Assessment Mechanism

Nazaha has signed agreements with other investigative departments such as the Public Prosecution and the National Security Council in order to facilitate its investigative process. Accordingly, Nazaha experts would refer cases based on the following criteria:

  • For bribery cases, the Commission will report to the competent authority (National Security Council) within eight hours, and will get a report back from the National Security on the result of the case once it has been duly processed;
  • For administrative offences, such as the misuse of power or a crime of embezzlement, the Commission will take responsibility for the initial gathering of evidence by sending either one or a team of experts to visit the relevant agency. If the evidence is substantial, the case will be referred to either the Public Prosecution or to the Monitoring and Investigation Commission to conduct further investigation;
  • In addition, Nazaha has the power to monitor public services provided to the population and ensure that they are applied at the highest level. This particular authority allows the Commission to assess all projects across all sectors to make sure that public policy programmes are accurately applied and supplied by competent providers. This is a particularly broad mandate and has historically included, for example, an assessment of the effectiveness of rainwater drainage programmes all over the country; and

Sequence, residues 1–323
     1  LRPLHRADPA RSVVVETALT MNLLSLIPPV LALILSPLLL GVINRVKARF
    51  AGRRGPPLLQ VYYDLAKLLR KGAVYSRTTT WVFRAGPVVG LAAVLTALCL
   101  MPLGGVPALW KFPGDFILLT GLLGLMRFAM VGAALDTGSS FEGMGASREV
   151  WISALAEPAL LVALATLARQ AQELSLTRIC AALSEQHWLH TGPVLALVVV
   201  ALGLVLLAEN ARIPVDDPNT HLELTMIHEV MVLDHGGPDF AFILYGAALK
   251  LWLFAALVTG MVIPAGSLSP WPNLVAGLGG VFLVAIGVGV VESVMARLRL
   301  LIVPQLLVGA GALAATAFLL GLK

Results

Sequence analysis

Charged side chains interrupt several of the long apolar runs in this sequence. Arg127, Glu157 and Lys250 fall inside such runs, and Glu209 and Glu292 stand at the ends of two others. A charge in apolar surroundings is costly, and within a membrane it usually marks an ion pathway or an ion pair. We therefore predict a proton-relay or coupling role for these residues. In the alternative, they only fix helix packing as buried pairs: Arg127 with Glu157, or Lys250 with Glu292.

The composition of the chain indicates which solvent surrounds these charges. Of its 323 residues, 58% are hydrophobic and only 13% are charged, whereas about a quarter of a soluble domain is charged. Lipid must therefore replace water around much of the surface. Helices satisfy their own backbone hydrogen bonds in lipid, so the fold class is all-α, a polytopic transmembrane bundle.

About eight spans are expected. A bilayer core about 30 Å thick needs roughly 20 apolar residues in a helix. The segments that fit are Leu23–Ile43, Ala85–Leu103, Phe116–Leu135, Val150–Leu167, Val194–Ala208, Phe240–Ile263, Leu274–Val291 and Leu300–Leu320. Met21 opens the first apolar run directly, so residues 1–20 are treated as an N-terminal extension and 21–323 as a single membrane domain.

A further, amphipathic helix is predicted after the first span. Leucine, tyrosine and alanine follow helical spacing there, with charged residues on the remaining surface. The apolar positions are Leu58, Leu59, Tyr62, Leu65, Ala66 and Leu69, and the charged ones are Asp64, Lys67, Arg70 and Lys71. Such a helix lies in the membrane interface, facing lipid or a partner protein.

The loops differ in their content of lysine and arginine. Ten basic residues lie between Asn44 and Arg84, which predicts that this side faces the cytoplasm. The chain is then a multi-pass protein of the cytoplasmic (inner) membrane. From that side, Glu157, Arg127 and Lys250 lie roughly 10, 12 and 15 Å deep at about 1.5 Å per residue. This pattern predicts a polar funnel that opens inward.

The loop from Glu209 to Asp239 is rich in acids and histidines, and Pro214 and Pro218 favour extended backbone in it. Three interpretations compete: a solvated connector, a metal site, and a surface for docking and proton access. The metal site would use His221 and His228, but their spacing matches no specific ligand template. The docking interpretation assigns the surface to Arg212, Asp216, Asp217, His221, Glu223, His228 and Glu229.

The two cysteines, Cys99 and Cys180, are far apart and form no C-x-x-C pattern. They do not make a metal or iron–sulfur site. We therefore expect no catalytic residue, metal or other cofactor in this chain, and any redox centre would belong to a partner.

• A specific department in the Commission is dedicated solely to overseeing mega projects which are viewed as instrumental to the development of the country. This is a discretionary and holistic process, whereby the commission selects a project to survey from its outset, looking for breaches in procedural protocol that may indicate improper practices.

Finally, as an original part of its mandate, Nazaha offers protection to whistleblowers by assuring the confidentiality of their identity and, if the whistleblower’s identity is discovered, Nazaha will honour the reporter’s efforts to combat corruption by providing its protection against retaliatory action. Additionally, in order to encourage societal vigilance against corruption, Article 13 of Nazaha’s statute authorises the provision of moral and financial incentives for whistleblowers. Accordingly, Article 17 of the Anti-Bribery Law (Royal Decree No. M/36 of 30/06/1996) authorises rewards for whistleblowers under certain circumstances of at least SAR 5,000 and up to half of the total money confiscated in punishment of the reported crime. Higher amounts may even be rewarded in exceptional cases where it is deemed appropriate.